The city of Tallahassee turned over 90,000 pages of documents to the FBI on Wednesday morning complying with subpoenas handed down last month by a federal grand jury meeting in Tallahassee.
The subpoenas were issued to the city and the local Community Redevelopment Agency (CRA) by the grand jury on June 13 as part of a criminal investigation being conducted along with the FBI and the U.S. Attorney.
The subpoenas asked for all communications between city employees, city commissioners and the CRA over the last five years involving multiple CRA projects. The CRA’s oversight board is made up of city and county commissioners.
The subpoenas also asked for all communications involving specific individuals and businesses.
City officials say it took more than 100 hours to assemble the files that were requested. Included in the documents were emails, reports, applications, financial data, and other documents. In a statement released by the city, a spokeswoman said the requested documents were delivered within the agreed upon timeframe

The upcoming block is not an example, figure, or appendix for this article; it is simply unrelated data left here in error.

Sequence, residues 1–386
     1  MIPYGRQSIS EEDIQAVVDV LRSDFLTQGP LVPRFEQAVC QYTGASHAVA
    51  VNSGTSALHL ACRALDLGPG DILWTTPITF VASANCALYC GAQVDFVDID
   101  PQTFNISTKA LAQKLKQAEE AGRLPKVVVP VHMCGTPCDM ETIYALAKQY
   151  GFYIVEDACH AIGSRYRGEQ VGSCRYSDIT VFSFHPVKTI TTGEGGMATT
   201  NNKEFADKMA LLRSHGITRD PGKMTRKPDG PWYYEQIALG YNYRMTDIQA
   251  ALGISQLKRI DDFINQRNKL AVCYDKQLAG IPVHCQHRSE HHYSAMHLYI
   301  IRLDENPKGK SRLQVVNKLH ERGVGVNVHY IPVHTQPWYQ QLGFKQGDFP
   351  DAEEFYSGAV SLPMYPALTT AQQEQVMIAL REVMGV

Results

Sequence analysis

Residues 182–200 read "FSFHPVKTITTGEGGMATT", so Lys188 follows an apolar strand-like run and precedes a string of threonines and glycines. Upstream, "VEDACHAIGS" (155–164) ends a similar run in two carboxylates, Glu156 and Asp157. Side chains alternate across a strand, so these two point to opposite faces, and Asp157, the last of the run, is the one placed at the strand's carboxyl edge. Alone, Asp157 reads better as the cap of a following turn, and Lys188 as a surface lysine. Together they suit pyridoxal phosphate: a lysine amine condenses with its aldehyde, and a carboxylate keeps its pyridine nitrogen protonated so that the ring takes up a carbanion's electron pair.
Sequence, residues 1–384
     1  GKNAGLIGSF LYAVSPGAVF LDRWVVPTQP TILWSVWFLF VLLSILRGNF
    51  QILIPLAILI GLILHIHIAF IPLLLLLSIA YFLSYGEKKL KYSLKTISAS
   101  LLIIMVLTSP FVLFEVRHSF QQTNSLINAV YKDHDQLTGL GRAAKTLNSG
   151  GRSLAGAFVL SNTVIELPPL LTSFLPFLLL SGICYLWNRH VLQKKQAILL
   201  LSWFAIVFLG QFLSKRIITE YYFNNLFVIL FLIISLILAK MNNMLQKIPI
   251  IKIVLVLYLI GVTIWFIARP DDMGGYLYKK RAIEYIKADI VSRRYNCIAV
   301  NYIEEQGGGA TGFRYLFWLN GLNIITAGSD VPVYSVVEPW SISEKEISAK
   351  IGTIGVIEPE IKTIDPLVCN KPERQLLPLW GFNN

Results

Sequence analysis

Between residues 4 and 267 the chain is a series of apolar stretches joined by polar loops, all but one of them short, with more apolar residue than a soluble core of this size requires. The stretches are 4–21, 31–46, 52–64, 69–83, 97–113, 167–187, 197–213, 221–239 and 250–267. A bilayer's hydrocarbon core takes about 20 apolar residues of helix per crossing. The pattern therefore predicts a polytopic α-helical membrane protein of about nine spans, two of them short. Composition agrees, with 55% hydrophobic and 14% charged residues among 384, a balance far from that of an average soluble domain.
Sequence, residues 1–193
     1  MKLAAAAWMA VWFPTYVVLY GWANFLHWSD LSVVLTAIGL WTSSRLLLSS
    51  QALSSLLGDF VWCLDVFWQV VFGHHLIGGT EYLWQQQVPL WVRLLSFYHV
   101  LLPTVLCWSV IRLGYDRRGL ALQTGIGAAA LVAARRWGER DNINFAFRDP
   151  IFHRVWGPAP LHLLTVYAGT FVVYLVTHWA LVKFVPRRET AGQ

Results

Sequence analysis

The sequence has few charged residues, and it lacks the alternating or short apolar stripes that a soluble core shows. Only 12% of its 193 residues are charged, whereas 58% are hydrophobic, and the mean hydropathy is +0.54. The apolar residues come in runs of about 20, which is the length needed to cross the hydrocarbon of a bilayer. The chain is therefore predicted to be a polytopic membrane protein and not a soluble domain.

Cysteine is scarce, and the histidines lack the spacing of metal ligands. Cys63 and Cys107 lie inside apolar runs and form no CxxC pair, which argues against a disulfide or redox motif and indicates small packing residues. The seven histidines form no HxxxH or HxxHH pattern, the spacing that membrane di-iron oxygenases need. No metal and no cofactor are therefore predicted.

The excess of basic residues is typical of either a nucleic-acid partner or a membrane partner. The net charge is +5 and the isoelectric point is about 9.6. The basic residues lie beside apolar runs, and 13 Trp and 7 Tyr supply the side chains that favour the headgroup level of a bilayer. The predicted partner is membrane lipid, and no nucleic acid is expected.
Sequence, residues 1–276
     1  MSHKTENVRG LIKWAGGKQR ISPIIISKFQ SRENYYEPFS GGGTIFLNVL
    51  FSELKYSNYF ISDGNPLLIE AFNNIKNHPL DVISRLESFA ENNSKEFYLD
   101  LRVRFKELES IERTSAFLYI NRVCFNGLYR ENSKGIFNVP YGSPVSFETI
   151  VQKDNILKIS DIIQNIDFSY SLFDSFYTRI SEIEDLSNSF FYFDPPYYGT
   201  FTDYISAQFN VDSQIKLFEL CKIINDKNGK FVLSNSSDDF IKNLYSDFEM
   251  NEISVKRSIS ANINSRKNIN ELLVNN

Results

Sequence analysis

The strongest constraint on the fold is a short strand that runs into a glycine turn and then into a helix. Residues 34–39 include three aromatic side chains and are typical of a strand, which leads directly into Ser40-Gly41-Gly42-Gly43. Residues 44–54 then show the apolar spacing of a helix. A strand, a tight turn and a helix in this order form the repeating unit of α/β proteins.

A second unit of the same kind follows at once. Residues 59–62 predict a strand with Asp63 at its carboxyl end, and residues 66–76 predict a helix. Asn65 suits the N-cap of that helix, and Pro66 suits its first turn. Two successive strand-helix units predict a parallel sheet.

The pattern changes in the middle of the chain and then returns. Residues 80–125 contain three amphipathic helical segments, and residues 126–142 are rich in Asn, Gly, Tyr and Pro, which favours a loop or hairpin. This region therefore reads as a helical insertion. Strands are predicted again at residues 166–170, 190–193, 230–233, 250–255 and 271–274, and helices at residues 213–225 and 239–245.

Specifically, the FBI sought all documents submitted to the city and the CRA by eight individuals and more than a dozen companies that they own. Those documents range from checks or wire transfers to any of those mentioned, as well as any applications, bids and proposals by those named in the subpoenas.
Among those who were named were Adam Corey a former campaign treasurer to Mayor Andrew Gillum, who is running for the Democratic nomination for governor. Corey is a lobbyist and co-owner of a restaurant located within a city park in the downtown area that received city assistance.
Shortly after the subpoenas were issued, Gillum issued a statement saying the FBI had indicated to him that he is not the focus of the investigation.
The grand jury operates in secret and there is no way of gauging how long the investigation will last or when it started. Although, based on FBI case numbers and dates mentioned in the subpoenas, it would appear it has been underway for at least a couple of years.